The Enigmatic Art of Jody Harmon - Contemporary Surrealist

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 Victoria Gritton - LEO Magazine Visual Arts

(Review 1 of 2)

 Review of my solo exhibition at Galerie Hertz, June 1997

When Surrealism began as a literary movement in the early 1920s, its premise was subconscious thought and mental images uncontrolled by reason. The movement set out to combine the contradictory states of dream and waking life, and to link "reality" to the imaginary. The movement soon included the visual arts by encompassing the work of Max Ernst and Salvador Dali.

It is not often today that one sees an artist who displays the aesthetic of surrealism and possesses the caliber of skill to rival past surrealists, but Jody Harmon is one such artist. Harmon lets his paintings evolve, allowing the creative process to take over. For instance, with "The Royal Facade" he began with only the female figures but it soon developed into a statement on royalty and inner family rivalry. In this painting one sees in the bottom right hand corner a child, whom Harmon describes as "the next heir to the crumbling castle in the background". Harmon's mental wandering plays out in the scene. A ghostly protector floats above a jester and four other figures. The idea of mortality is represented in the signs of decay on all five figures.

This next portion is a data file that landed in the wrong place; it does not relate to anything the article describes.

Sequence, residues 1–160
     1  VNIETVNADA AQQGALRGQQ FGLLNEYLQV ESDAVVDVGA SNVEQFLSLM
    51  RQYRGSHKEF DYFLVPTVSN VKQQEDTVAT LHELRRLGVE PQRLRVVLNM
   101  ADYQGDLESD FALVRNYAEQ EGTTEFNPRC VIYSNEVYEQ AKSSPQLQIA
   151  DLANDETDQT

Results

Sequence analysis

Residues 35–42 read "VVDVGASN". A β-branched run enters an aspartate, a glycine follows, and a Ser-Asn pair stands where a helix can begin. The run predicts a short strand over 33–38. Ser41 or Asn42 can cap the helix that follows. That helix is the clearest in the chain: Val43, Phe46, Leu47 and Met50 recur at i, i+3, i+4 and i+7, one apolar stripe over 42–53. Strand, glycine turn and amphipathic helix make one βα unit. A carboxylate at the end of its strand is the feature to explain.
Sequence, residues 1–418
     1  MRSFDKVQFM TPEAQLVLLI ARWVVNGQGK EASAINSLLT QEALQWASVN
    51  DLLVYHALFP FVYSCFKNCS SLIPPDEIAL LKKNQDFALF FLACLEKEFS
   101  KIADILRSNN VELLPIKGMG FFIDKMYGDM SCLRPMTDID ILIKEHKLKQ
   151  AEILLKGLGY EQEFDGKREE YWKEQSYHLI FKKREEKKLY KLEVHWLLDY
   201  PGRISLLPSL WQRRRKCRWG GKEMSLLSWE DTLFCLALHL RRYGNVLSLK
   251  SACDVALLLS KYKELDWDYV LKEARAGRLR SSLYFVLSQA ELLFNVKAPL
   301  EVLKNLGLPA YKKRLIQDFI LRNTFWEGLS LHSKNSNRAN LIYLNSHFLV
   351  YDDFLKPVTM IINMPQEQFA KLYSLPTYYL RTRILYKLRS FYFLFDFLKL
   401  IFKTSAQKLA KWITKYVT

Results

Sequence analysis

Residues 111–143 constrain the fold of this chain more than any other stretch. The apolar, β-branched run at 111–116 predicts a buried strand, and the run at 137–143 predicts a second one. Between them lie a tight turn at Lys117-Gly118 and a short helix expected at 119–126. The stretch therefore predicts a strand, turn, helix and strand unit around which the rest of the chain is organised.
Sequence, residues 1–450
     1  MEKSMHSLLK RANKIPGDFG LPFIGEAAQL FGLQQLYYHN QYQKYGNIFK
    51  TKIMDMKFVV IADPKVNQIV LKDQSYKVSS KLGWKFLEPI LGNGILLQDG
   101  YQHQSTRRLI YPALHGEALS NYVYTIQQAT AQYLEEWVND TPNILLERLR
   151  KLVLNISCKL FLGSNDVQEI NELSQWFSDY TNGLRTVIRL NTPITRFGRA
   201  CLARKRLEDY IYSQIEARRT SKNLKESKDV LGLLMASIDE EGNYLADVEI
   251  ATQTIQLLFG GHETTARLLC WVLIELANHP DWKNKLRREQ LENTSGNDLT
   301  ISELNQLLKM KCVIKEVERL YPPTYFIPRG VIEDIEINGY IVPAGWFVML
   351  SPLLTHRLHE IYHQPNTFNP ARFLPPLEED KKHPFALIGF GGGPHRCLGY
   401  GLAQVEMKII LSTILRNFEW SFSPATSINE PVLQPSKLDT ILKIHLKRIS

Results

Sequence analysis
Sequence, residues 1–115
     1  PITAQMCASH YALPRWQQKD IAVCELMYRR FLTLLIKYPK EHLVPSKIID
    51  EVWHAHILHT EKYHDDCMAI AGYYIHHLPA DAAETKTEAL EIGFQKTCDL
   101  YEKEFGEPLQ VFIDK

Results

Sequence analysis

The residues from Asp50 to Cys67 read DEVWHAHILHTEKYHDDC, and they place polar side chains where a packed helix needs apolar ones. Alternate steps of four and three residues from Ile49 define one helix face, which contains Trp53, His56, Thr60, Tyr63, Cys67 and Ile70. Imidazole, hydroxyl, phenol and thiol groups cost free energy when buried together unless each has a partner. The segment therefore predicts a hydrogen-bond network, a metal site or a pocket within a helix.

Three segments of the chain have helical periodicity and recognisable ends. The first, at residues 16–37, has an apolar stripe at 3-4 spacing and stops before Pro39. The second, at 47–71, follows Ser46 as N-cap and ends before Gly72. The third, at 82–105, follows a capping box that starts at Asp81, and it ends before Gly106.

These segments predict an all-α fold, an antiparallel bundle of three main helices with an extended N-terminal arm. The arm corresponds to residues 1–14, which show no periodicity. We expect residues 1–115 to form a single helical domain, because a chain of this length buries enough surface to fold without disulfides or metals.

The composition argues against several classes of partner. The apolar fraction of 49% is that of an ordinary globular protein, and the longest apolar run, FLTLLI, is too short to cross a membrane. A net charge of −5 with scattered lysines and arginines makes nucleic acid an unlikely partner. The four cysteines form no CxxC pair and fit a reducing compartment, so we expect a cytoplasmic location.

In most of his paintings, Harmon spreads his subject matter across a bleak, muted landscape. "This type of background sets a lonely, desolate tone, creating a powerful mood". Harmon describes "News of the Sea" as an "ecological piece". In it a female form with a coral reef head and seaweed cape crawls out of the sea as flying fish circle her head. She represents a spokeswoman from the sea, despondent and angry.

For his future work, Harmon plans to expand on the style and effect he achieved in "Decor for a Southwestern Tragedy", where his colors are more starkly monochromatic and the main elements are unsettlingly windblown.

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